In the past few years public approval for America's involvement in foreign wars hit an all-time low. At the same time, Hollywood made a number of movies critical of the subject, including "Lions for Lambs," "Rendition," "Redacted," "In the Valley of Elah," and this one from 2008, "Stop-Loss." None of them did particularly well at the box office, though. Maybe the country was sick of the subject. In any case, "Stop-Loss" is a sincere attempt to make a point about the sometimes ill effects of the Iraq war on the soldiers who participate in it. In this regard, it's similar to "In the Valley of Elah" but without Tommy Lee Jones to lend it weight.
The co-writer and director of "Stop-Loss," Kimberly Peirce, is the filmmaker who gave us the commendable "Boys Don't Cry" some years back, and she takes a similarly earnest approach here in criticizing the U.S. military's policy of "stop-lossing" troops. The term "stop-loss" refers to the legal right of the government to extend a soldier's term of duty involuntarily. In the absence of a draft and with the unpopularity of the current Iraq war, one can understand the military's reliance on stop-lossing a number of troops and sending them back to Iraq and Afghanistan.
The movie begins with an explosive sequence starting at an Iraqi checkpoint. As she does in much of the rest of the movie, Ms. Peirce shoots this portion in a semidocumentary style, with what appears to be a handheld video camera, as though made by a soldier on the spot. It creates a gripping few minutes that ultimately draw the viewer not only into the action but into the world of the soldiers as well.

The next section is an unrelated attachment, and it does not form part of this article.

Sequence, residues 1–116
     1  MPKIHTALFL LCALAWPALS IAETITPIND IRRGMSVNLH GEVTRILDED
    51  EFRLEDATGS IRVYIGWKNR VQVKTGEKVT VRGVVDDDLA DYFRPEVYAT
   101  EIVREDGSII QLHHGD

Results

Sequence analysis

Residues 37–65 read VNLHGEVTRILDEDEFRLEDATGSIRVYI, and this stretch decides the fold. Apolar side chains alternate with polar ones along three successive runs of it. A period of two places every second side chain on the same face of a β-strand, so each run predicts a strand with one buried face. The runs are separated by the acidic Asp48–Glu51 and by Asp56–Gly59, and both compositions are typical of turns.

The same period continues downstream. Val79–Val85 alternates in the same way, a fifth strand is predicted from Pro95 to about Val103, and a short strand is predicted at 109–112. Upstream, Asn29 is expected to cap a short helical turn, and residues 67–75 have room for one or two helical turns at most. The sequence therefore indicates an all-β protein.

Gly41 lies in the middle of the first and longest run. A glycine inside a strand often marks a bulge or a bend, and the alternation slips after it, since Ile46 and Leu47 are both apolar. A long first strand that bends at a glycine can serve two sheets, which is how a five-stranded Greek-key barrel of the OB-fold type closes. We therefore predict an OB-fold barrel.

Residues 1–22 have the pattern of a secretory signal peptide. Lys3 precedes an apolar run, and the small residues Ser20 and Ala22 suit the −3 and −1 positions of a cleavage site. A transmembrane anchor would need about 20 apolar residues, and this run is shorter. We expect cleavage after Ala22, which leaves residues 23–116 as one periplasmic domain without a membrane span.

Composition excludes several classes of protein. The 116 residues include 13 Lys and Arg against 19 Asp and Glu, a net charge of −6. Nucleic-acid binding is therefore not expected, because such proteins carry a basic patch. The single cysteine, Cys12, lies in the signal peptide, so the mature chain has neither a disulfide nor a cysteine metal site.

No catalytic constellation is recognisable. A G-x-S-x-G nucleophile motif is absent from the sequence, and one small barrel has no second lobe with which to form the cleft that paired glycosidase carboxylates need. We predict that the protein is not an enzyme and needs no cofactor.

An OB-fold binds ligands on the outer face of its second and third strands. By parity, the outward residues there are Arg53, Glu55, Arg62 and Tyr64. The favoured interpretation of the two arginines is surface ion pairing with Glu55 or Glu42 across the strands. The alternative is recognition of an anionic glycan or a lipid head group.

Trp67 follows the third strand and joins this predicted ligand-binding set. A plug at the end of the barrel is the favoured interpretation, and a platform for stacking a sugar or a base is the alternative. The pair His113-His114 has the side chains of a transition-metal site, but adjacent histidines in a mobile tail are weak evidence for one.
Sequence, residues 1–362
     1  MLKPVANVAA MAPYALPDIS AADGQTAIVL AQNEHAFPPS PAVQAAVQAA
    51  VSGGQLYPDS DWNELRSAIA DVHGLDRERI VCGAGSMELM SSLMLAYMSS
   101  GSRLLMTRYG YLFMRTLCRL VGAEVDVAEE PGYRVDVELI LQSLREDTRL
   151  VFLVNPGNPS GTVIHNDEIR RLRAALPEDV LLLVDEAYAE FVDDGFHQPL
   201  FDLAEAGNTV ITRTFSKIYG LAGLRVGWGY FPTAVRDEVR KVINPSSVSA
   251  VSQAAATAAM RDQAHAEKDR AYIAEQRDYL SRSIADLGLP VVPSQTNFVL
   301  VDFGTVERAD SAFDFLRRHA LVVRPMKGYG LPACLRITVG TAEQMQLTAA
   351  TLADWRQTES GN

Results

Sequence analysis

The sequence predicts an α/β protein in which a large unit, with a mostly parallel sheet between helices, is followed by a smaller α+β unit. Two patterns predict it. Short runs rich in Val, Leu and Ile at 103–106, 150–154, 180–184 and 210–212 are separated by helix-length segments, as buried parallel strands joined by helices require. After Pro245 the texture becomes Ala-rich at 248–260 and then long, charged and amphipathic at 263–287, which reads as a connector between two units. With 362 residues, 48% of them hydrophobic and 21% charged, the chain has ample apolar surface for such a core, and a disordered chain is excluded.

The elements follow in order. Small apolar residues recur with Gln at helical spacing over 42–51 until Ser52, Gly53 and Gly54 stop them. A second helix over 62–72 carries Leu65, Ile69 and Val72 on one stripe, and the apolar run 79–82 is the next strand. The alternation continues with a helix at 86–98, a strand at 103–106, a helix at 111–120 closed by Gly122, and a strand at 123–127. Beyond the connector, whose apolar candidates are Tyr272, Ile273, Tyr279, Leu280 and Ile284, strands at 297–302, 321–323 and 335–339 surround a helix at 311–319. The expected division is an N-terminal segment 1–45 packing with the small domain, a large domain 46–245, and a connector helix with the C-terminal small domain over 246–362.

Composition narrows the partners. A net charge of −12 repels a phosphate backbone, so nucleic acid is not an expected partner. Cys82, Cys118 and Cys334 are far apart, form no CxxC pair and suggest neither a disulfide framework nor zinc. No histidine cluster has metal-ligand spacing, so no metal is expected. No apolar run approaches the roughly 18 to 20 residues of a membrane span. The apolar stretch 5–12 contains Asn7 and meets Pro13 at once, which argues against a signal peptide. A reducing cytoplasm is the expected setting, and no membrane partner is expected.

From this point on, the director uses sporadic video-cam flashbacks to sustain and explain the movie's story line. It works to an extent, although she uses it so often that eventually it tends to be a mere distraction from the plot and characters at hand.
The story centers on a young sergeant, Brandon King (Ryan Phillippe), who finishes his tour of duty in Iraq and returns to his hometown in Texas a conquering, well-decorated hero. However, despite his big welcome home, Brandon inwardly doesn't feel like a hero. He has seen too much bloodshed, lost too many friends, and suffered too much death and destruction to care about heroism. He just wants to get out of the army now that his time is up and return to normal life. But the army has other ideas. They're sending him back for another tour of duty.
Brandon rebels and decides to go AWOL, his commanding officer, Lt. Col. Boot Miller (Timothy Oliphant), sending out the military police to track him down. With the help of a childhood friend, Michelle (Abbie Cornish), Brandon attempts to travel by car from Texas to Washington, DC, where he hopes a senator will help him out. Most of the film concerns Brandon's getaway to Washington and his struggles with his conscience: Should he be true to his country, his family, and his army buddies who are returning to Iraq, or true to himself?
Ms. Peirce has crafted an adept, well-paced, and well-acted movie, with an endearing friendship between Brandon and Michelle and some effective Texas location shooting. But there's a lingering feeling in almost every scene that we've seen it before. Brandon, for instance, is no coward. He's a dedicated American who signed up to serve his country, and he did serve it to the best of his ability. Now, he thinks his country is treating him unjustly, taking advantage of his patriotism, and he won't have it. How often have we seen the conflicted hero in a movie, wanting to do the right thing but compromised by questionable laws or suspect policies?
Through books, TV, newspapers, movies, and maybe personal familiarity, most of us know and accept the horrors of war and how war can adversely affect a person's psyche. Ms. Peirce and her film attempt once again to tap into this public acceptance that something dreadfully wrong is going on above and beyond the more-obvious casualties of battle. However, she rather overstates her case. The movie portrays Brandon's friends and fellow soldiers as typically stereotypical yahoos, beer-swilling good ol' boys drinking and carousing even before their war experiences begin, with suicide and mental illness the inevitable result. Moreover, Brandon's encounters on his trek toward Washington rely more on melodrama than on everyday occurrences. The things that happen to him and his buddies begin heaping up and seeming like mere clichés.